Will there be a definition of unborn child? Exactly when is the transition from fetus to child?

  7. DaveFN 2022-05-19 22:38

    Hansen is hedging his bets, engaging in wishful thinking, a Pascalian wager his dreams will come true. Let him reveal his motives.

  8. bearcreekbat 2022-05-20 00:04

    Francis, SDCL 22-1-2(50A) defines “Unborn child” as:

    . . . an individual organism of the species homo sapiens from fertilization until live birth; . . . .

  9. larry kurtz 2022-05-20 07:33

    8. An acorn is not an oak tree so a foetus is no more an unborn child than it is an unborn grandparent.

  10. jerry 2022-05-20 10:07

    Taxpayers will have to foot the bill for federal workers, including military, who will have to leave South Dakota for a state that allows abortion. Travel costs and other expenses will be substantial. Federal government should bill NOem for these expenses.

  11. John 2022-05-20 10:08

    It appears that we need a law requiring a DNA determination of both contributors to the fetus. Then that law should hold both contributors equally liable for either terminating the fetus, or for child support through age 18, high school, or college graduation if straight through. Sarcasm, folks.

    Here’s where the extremists are taking us. It’s literally like the insiders reported that life was like in the 1930s in Germany. (Note the hypocrisy of the candidate’s photo with a gun and the Bible – bet that brown Prince of Peace guy is proud.)

    Democrats and independents need to stop pretending there is a prize for restraint.

  12. Cory Allen Heidelberger Post author | 2022-05-20 10:44

    BCB, I see the logical connection between the language of SDCL 22-16-4 and the trigger law’s criminalization of abortion, But the trigger law specifies Class 6 felony punishment, and SDCL 12-6-12 says murder in the first degree is a Class A felony. The trigger law’s prescription of a different penalty, as well as its failure to refer to “homicide”, tells me that the trigger law does not make abortion homicide. Making abortion homicide will require some rectification of language.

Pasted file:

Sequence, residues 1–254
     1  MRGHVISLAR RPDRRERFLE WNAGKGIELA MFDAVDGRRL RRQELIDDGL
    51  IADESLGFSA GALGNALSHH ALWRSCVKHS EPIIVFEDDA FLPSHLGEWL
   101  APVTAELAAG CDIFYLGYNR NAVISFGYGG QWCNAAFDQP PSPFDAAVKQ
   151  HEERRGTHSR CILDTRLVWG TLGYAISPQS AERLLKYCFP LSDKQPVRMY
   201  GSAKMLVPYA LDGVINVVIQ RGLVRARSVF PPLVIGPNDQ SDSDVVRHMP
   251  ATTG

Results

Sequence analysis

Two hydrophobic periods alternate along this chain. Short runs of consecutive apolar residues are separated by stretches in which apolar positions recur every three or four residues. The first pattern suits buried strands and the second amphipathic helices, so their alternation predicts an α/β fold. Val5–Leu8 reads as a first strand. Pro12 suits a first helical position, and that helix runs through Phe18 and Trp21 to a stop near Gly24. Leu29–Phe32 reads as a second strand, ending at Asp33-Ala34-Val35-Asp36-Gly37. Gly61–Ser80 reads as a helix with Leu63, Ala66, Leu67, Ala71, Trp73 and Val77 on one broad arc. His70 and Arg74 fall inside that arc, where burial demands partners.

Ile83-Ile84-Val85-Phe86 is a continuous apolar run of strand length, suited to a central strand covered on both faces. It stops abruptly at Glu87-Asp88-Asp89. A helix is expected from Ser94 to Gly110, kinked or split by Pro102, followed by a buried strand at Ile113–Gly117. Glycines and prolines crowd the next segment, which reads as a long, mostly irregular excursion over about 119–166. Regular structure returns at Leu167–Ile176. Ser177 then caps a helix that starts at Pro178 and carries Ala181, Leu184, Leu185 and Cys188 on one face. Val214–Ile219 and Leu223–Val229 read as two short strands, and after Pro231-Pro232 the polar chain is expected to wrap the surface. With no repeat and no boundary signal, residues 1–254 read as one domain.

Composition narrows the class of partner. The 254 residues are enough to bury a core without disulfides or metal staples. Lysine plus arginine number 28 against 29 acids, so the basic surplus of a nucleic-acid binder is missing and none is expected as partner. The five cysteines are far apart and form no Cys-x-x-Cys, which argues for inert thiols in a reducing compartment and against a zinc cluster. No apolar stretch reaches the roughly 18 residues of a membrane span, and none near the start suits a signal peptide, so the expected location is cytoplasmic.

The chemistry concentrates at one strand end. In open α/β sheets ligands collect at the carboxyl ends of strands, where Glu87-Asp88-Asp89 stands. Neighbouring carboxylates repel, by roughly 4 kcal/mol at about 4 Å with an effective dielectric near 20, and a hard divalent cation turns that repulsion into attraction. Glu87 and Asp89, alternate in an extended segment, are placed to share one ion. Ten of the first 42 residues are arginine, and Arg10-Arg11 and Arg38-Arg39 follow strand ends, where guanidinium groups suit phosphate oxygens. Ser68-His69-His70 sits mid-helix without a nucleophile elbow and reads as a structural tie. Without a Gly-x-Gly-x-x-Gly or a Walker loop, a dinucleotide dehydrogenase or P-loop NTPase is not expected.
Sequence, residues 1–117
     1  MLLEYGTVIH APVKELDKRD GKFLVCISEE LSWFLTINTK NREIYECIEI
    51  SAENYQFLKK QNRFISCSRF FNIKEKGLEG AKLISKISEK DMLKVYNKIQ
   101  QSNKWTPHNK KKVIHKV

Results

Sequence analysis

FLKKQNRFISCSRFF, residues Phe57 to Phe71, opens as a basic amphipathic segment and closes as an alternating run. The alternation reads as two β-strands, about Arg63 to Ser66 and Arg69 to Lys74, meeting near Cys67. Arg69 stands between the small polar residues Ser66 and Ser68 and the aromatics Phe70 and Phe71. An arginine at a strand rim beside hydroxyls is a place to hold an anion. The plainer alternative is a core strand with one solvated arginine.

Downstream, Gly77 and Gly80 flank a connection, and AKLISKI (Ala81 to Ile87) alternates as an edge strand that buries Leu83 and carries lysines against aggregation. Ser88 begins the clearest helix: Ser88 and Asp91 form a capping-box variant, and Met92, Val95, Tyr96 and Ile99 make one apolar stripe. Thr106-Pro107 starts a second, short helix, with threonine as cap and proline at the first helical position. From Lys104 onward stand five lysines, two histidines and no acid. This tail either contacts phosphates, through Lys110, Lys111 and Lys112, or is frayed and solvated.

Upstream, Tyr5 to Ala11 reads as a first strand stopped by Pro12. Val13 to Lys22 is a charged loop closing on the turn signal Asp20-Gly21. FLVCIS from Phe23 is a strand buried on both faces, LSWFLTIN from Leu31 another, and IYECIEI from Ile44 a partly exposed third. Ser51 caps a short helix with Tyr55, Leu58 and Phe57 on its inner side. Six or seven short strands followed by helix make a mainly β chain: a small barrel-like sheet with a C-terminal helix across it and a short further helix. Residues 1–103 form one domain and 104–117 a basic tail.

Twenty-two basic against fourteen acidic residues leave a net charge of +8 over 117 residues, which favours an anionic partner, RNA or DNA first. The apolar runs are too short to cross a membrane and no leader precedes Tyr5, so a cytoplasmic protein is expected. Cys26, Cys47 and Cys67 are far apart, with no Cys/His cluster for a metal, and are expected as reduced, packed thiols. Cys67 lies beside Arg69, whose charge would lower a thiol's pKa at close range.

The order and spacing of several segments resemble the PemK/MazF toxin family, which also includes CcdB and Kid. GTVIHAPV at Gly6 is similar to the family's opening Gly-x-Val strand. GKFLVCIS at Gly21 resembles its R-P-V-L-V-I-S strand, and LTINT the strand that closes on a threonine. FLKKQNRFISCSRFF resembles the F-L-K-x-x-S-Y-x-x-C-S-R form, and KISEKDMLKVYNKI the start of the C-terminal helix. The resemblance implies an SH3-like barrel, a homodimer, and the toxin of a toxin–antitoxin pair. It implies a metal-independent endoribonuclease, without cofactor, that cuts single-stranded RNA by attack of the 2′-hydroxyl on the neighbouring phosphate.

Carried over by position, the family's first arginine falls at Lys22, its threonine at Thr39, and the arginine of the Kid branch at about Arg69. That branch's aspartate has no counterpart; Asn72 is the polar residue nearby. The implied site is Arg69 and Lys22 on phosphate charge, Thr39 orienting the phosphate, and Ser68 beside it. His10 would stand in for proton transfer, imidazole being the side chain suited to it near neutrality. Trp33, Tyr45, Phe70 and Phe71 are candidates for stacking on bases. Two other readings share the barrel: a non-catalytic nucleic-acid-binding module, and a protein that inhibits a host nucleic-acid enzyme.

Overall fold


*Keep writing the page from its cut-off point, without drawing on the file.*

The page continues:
13. bearcreekbat 2022-05-20 12:30

    Cory, the observation that the penalties are different is accurate and common sense implies that only the lesser penalty would apply since it is more specific. But the legislature has the power to impose 2 or even more penalties for a single course of conduct on the theory that each penalty covers a different harm. For example, someone that commiuts murder while robbing a store while robbing a store can be convicted of both murder and robbery.

    Here the the murder statute only requires proof of the fact that the defendant killed someone without legal excuse or authority, the method of killing is not an element of that offense. Under the triggered abortion law, however, the prosecution must prove an additional fact beyond merely killing someone without authority, namely, that the killing was done by an abortion. Thus, it seems clear that the SD legislature has concluded that providing a woman with safe health care when she chooses to terminate a pregnancy, as well as making that choice, is more odious and deserving of an additional punishment than the punishment for an mere unlawful killing. This requirement of proof of the addional fact of using a particular method to kill makes the two crimes different offenses even though they each are based on one course of conduct. The Double Jeopardy clause only protects against multiple punishments for the “same offense.”

    . . . The Court’s formula for determining when two provisions are so similar that they must be presumed to be the “same offence” has come to be known as the Blockburger test: two provisions are presumed to describe and punish the same offense unless each provision requires proof of a fact that the other does not. . . . “

    See page 115 of the linked article: